A sheriff’s deputy in a department store parking lot looks over to see a boy in the next car brandishing an assault rifle.
Rob Averbeck did recently. The Winona County investigator noticed the orange tip on the barrel, which assured him the otherwise authentic-looking gun was an air-powered toy.
From handguns to assault rifles, air-powered toy and pellet guns that look like the real thing have some police officers on edge.
Federal law requires toy guns to have an orange plastic tip, but the tips are easily removed or blackened.
The popular replica guns have resulted in tragedies: Police in Florida last year shot and killed a boy who brandished a toy 9-mm look-alike; Chicago police shot and wounded a 14-year-old with a BB gun.
In Winona, criminals have also used them effectively in robberies and assaults.
Law enforcement officials say they don’t always have time to distinguish the replicas from the real weapons.
“It looks real, and if I stop somebody at midnight I don’t know it’s not real. I’ve got to watch out for myself at the end of the day, and there are plenty of incidents where they are real,” said Winona County Chief Deputy Ron Ganrude. “We don’t have the luxury of seeing the orange and thinking it’s no big deal. We have to be on guard all the time.“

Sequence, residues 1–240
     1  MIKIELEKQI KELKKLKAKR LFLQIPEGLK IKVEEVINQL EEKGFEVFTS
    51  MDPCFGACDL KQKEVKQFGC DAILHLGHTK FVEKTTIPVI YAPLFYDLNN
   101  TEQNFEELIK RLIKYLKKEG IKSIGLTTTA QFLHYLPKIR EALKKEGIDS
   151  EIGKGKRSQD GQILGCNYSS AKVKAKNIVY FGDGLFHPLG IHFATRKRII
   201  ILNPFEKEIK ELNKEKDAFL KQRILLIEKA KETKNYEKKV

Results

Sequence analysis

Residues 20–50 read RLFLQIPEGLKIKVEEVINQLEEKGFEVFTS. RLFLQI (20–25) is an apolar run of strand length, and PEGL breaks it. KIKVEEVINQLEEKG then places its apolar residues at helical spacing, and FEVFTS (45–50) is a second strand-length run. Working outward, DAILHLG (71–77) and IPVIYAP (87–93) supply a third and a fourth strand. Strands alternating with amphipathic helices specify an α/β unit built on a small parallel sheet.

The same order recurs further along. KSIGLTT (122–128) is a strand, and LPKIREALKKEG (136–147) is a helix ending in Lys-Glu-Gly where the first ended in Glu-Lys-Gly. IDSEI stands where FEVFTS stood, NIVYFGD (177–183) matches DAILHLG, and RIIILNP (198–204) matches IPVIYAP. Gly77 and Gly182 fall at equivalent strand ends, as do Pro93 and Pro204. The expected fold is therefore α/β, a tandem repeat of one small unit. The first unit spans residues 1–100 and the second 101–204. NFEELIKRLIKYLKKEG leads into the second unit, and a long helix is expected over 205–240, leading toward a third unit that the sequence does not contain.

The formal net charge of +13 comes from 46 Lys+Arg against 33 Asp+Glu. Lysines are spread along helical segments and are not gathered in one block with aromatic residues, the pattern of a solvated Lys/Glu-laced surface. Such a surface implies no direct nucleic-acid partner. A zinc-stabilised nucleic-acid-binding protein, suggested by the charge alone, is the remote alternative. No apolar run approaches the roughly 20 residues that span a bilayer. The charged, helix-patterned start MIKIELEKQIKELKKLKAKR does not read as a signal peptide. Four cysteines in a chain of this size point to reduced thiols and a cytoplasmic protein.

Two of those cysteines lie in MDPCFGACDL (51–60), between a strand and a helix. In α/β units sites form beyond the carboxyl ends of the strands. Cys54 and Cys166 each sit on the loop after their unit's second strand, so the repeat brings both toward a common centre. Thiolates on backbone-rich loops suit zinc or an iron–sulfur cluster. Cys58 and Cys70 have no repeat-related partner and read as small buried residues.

Both Winona police and the sheriff’s office have confiscated look-alike pellet guns over the past year. These air guns that shoot pellets or BBs can be powered by springs, carbon dioxide gas canisters or batteries and cost as little as $10.
Some shoot plastic pellets and are used to play a war game called Airsoft, like paint-ball without the mess.
After the Consumer Product Safety Commission called for toy manufacturers to stop selling real-looking toy guns in 1994, several major retailers pulled them from their shelves.
In February, Gander Mountain stopped selling replica guns in Minnesota and has plans to phase them out nationwide.
Minnesota law prohibits fake guns on school grounds, and in February St. Paul adopted an ordinance designed to curb the public use of them. Chicago has banned BB and pellet guns.
Winona has an ordinance against the use of replica guns in city parks or on city property, but Winona County Sheriff Dave Brand said they should also be carried in a case or in a car trunk when they are transported.
Winona Middle School Principle Sharon Suchla said five years ago a student brought a red plastic gun to the school, but they’ve had no incidents since.
“It’s cyclical,” she said. “I don’t think it’s a current fad ... but I do hear about them playing with the soft pellet things on the weekends.“
Winona Police Sgt. Chris Nelson remembers playing with toy guns as a kid, but his son’s pellet gun is hard to distinguish at first glance from the gun he carries for work.
“It’s becoming more and more real. It’s one of those threats you have to be aware of and it’s one of those decisions you have to make in a half second,” Nelson said. “You just hope you don’t have to look back at that decision made in half a second for days after.“